The original article was published by the AJC, dated today, February 12, 2011, but when we searched for it, it was already in the archives. Follow this link to see what we found:
Excerpts we found most interesting:
more than $162 million in local, state and federal grants, loans and other subsidies committed to the venture.
But critics say the shutdown is a case of good money thrown at unproven science and lofty promises.
Vinod Khosla, the dot-com billionaire behind Range Fuels, vowed in 2007 to "declare a war on oil" and said "cellulosic ethanol is the weapon we need."
Treutlen County, one of the state's poorest, offered 20 years worth of tax abatements and 97 acres in its industrial park.
Ryan Alexander, president of Taxpayers for Common Sense in Washington, said the government should seek to get its money back.
Tree limbs, grasses, cornstalks, hog manure, municipal garbage and other limitless supplies would be transformed into fuel to be blended with gasoline. Less oil would mean fewer greenhouse gases. Because the process doesn't use corn, food prices wouldn't be affected.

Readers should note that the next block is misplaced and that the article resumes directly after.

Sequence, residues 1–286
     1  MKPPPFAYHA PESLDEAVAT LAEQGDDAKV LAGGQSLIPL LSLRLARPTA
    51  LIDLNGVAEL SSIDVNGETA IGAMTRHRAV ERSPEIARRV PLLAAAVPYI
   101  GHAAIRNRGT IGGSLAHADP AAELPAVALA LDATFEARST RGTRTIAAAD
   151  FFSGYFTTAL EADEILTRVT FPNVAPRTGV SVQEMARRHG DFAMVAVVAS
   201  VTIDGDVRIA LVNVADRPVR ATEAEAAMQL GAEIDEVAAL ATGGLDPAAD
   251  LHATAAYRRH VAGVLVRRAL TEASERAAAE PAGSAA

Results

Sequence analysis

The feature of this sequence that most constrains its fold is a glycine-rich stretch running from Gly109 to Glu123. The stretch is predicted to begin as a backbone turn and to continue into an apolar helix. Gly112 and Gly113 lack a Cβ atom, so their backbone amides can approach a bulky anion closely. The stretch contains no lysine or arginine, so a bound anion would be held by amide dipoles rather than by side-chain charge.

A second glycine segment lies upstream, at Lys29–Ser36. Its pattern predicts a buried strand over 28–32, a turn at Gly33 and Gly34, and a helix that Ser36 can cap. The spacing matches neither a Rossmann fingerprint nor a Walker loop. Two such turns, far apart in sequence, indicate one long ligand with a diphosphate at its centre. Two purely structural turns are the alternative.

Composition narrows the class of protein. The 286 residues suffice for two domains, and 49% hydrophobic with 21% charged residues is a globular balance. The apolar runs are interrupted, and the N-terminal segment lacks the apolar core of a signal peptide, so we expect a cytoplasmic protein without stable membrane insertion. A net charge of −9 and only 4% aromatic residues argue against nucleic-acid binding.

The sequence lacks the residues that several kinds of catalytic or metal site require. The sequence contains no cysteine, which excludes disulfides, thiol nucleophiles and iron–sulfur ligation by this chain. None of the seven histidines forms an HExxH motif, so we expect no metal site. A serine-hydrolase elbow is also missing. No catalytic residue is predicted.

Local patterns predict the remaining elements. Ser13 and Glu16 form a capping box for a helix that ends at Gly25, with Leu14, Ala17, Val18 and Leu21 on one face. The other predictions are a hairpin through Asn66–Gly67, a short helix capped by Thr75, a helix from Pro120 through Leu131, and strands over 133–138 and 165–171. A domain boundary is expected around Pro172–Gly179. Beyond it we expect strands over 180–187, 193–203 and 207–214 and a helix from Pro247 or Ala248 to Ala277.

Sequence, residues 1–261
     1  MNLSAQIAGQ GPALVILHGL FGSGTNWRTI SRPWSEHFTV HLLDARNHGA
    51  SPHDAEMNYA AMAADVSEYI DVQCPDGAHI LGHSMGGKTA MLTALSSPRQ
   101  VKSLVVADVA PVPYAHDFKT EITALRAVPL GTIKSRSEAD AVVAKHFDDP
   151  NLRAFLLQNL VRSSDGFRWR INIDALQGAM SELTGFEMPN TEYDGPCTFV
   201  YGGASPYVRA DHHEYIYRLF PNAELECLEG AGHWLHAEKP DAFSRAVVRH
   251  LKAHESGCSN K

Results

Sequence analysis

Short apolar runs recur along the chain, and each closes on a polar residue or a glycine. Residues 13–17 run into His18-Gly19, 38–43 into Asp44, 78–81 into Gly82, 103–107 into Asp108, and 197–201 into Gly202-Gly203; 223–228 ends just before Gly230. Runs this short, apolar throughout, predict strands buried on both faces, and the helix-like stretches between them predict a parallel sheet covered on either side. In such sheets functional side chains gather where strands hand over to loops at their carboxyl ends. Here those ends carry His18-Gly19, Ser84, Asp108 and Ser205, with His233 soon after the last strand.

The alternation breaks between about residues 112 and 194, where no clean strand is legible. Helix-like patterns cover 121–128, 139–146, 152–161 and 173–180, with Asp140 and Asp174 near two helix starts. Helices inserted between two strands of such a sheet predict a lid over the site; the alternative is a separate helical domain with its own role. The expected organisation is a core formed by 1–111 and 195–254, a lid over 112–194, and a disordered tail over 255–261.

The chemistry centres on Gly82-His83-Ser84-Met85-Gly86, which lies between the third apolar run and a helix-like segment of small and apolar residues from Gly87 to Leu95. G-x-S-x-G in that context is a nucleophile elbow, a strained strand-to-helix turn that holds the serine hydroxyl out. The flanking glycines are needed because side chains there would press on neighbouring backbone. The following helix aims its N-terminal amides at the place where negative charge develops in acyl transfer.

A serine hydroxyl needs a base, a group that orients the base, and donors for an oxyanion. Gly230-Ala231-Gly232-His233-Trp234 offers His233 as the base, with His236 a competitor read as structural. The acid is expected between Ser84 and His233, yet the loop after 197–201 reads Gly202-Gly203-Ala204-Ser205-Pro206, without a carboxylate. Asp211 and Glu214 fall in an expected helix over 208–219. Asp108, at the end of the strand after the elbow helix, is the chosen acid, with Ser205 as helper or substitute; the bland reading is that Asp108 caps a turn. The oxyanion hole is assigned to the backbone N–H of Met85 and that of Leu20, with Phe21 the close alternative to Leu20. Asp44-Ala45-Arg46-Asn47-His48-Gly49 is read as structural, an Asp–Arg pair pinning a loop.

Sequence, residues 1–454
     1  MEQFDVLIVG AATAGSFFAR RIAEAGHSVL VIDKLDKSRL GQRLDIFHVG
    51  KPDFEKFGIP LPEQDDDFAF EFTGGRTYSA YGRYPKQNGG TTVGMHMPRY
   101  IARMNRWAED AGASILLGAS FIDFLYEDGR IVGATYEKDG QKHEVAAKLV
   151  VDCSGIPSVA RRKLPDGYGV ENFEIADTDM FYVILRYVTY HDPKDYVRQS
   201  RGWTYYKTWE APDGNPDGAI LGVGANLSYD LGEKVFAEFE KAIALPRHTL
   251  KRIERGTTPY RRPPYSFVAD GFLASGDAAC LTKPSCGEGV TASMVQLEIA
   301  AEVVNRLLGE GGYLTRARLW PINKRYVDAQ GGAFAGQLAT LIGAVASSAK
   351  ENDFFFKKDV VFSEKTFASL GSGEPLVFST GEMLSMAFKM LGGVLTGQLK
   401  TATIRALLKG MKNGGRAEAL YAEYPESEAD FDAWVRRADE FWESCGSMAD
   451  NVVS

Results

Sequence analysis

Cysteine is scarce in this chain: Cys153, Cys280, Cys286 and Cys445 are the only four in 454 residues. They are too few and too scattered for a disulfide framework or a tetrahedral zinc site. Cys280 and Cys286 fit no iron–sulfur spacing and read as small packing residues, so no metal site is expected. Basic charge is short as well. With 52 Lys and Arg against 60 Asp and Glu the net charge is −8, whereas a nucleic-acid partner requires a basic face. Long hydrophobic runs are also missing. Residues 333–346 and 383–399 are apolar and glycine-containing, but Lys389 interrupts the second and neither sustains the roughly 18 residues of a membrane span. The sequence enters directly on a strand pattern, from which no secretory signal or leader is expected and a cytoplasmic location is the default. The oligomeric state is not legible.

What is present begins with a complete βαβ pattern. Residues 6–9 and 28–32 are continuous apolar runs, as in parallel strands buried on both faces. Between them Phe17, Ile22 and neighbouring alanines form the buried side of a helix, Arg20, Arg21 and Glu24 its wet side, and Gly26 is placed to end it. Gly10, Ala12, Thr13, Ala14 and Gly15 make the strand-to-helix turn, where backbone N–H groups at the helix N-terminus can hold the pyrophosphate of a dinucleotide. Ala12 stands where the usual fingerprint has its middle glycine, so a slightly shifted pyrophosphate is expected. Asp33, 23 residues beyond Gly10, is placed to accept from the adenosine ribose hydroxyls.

A University of Georgia economic impact study concluded that Treutlen County alone would gain 194 direct (factory-related) and indirect (restaurant, hardware store, etc.) jobs with an annual $5.8 million payroll. UGA pegged the statewide economic impact at $150 million.
Georgia awarded Range $6.2 million from the OneGeorgia fund
Range has until 2015
Read the whole story:
Again we contend that the main problem was lack of oversight by federal, state, and local entities.
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